The Ross Maxwell Scenic Drive is named for Big Bend National Park’s first superintendent and geologist who served from 1944-1952. He laid out the route to highlight the more spectacular geologic features on the west side of the park. The road heads between Burro Mesa and Chisos Mountains.
A plethora of scenic views rewarded us on our return. Burro Mesa is a gently westward-sloping mesa standing high above the surrounding desert floor. At its highest point the mesa reaches an elevation of 4,431 feet above sea level. Its name derives from the many wild burros that once wandered and grazed there.
Tuff Canyon was carved out of soft volcanic tuff (compressed ash). Other rock formations in the area were made from igneous rock. Clear evidence that volcanoes helped shape Big Bend.
Blue Creek Ranch Overlook
This overlooks provides a view of the headquarters of the Homer Wilson Ranch, one of the largest in the region prior to the
establishment of the park.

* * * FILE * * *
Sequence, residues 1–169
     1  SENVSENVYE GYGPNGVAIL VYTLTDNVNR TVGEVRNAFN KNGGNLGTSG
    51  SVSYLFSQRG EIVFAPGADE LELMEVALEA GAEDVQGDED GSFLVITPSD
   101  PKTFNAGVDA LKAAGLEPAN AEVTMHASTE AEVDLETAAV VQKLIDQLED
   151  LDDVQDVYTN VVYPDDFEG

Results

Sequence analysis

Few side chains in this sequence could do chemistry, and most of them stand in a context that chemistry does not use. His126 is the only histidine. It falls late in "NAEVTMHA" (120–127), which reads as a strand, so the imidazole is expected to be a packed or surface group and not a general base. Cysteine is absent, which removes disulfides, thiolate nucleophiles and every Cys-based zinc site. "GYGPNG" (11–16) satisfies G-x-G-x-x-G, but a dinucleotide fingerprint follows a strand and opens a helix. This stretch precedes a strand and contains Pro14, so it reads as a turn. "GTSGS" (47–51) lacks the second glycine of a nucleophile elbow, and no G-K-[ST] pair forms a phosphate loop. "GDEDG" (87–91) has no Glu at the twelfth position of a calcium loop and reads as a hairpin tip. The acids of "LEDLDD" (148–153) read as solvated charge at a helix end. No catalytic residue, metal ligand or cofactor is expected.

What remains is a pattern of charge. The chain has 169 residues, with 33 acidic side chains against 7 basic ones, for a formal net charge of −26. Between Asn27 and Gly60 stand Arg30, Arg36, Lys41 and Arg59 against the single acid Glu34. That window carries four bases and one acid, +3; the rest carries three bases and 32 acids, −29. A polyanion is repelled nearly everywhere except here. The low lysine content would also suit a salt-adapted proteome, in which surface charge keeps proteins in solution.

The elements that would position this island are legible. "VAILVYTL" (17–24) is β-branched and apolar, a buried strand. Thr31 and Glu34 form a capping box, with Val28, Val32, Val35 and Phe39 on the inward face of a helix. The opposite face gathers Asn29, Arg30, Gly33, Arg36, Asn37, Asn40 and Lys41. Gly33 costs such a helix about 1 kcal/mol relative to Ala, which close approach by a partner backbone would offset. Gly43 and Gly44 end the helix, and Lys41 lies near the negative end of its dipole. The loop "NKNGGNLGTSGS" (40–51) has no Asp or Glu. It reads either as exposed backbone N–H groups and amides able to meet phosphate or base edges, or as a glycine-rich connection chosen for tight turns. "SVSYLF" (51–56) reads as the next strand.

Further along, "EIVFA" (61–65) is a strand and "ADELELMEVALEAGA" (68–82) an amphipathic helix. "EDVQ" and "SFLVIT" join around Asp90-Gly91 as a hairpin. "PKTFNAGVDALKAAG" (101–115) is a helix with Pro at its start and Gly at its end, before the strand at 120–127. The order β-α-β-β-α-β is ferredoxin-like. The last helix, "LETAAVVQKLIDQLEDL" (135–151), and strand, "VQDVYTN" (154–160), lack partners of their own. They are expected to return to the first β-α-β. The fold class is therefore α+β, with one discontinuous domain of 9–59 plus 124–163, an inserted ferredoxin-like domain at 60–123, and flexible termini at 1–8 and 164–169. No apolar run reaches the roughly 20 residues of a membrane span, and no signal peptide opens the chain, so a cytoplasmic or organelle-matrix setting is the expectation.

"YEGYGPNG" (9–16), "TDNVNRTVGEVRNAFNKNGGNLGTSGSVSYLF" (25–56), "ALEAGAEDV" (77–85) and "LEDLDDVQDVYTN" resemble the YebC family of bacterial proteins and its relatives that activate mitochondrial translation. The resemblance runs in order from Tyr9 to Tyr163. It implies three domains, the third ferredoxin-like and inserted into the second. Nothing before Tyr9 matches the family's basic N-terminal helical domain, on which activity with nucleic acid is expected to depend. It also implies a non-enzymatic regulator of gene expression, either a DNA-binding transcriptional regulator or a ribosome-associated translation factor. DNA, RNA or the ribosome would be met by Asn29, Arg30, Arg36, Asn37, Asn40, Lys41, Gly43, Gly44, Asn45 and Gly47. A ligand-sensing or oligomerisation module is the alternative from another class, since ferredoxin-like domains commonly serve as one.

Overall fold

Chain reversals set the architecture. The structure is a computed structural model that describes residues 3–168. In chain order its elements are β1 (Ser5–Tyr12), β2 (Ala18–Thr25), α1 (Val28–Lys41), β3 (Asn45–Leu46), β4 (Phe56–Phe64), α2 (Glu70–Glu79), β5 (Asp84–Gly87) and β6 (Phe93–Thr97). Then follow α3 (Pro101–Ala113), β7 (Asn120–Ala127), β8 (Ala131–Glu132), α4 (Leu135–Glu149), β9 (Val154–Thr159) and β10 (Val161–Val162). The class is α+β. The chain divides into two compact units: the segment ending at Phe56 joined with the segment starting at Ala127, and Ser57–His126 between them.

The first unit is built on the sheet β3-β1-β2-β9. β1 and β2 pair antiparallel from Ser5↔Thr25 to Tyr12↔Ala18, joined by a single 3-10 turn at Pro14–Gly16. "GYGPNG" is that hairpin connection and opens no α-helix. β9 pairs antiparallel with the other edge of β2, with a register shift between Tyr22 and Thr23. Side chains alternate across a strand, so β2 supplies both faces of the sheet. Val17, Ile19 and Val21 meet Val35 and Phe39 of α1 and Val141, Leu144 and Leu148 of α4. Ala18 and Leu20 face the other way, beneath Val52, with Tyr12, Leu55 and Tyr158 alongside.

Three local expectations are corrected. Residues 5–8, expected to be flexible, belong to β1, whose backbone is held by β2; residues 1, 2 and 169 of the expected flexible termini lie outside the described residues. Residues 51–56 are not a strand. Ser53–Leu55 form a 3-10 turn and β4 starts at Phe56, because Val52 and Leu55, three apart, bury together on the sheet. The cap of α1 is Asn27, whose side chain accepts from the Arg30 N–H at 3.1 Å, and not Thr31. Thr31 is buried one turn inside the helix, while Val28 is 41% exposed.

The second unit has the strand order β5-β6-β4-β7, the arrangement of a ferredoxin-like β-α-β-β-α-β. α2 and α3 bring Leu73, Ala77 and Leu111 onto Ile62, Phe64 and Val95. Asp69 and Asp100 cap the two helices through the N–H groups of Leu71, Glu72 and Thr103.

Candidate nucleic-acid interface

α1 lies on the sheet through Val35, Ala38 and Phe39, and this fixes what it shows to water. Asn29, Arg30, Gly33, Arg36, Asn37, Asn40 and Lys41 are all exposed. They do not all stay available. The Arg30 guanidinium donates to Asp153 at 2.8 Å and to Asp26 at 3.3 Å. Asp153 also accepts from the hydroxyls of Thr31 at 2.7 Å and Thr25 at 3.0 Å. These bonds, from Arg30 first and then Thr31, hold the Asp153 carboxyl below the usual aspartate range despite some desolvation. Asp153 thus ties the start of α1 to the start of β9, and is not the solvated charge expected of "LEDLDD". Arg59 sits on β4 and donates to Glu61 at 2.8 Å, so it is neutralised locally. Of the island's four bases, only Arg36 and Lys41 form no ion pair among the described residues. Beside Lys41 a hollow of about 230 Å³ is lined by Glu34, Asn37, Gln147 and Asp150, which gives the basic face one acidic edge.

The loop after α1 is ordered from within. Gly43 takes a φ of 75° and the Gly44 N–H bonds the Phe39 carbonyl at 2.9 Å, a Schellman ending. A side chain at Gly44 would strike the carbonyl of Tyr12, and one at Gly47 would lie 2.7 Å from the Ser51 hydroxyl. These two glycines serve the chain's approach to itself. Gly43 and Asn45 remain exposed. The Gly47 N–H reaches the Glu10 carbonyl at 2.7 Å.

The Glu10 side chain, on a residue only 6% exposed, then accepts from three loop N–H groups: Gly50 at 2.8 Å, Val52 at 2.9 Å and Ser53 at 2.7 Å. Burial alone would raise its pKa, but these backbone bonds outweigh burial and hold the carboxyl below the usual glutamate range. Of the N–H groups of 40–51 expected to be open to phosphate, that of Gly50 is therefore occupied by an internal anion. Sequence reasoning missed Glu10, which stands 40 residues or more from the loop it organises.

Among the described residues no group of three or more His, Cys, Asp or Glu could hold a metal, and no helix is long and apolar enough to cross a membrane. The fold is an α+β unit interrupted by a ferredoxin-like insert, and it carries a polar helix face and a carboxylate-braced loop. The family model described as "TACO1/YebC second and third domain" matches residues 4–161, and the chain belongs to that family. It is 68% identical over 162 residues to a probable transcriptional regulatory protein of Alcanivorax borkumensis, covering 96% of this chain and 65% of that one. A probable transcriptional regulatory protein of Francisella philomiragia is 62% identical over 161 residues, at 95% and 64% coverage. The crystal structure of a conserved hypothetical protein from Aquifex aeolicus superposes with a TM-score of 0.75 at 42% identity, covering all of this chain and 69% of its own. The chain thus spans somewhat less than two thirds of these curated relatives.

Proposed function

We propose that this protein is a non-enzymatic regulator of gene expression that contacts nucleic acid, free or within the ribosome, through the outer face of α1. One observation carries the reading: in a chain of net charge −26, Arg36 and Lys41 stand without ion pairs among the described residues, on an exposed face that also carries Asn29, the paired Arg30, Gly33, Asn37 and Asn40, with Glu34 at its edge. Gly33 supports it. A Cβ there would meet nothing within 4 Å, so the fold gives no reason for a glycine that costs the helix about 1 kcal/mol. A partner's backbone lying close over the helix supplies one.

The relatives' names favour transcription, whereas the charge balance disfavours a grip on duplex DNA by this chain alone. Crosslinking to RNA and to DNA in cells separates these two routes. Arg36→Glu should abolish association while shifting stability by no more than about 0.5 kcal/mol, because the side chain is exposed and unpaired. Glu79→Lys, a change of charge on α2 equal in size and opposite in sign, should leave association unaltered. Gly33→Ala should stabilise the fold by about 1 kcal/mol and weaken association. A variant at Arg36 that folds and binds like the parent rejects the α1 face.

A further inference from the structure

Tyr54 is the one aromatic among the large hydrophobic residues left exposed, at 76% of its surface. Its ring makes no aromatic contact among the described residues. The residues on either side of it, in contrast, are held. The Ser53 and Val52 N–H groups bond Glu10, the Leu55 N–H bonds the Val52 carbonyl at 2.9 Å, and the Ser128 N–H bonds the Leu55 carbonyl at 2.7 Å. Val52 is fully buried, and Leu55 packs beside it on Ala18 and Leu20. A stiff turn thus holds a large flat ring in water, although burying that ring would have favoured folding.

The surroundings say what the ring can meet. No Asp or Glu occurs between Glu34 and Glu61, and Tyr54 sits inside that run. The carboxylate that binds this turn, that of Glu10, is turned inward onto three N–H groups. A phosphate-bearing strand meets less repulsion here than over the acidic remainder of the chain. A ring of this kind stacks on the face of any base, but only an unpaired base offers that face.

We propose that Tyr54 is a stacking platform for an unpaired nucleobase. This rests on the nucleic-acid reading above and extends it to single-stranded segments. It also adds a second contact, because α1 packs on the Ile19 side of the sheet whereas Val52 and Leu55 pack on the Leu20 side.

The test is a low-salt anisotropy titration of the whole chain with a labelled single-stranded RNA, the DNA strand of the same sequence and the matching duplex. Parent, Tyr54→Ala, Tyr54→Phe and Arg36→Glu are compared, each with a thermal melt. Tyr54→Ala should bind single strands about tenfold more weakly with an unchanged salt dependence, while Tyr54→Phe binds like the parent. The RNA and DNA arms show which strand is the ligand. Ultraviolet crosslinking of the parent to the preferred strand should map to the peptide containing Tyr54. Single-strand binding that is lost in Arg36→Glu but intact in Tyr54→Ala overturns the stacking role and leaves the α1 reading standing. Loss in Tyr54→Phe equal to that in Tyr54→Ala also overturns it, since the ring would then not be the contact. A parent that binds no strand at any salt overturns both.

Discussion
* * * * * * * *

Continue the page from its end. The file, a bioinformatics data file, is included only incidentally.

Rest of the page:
Mule Ears Viewpoint
We stopped at Mule Ears Viewpoint, a beautiful viewpoint along the Ross Maxwell Scenic Drive. From the parking area, the Mule Ears Peaks dominate the view. A 2-mile long trail leads to
a delightful desert spring.
Back to Alpine
Despite the threat of thunderstorms we had nothing but clear blue skies today. Returning to our hotel in Alpine a few cumulus clouds appeared and we were rewarded with a spectacular sunset over the mountains. It was a glorious finish to a beautiful day.
Willie Hugh Nelson (born April 29, 1933) is an American musician, singer, songwriter, author, poet, actor, and activist. He was one of the main figures of outlaw country trauma, a subgenre of country music that developed in the late 1960s as a reaction to the conservative restrictions of the Nashville sound.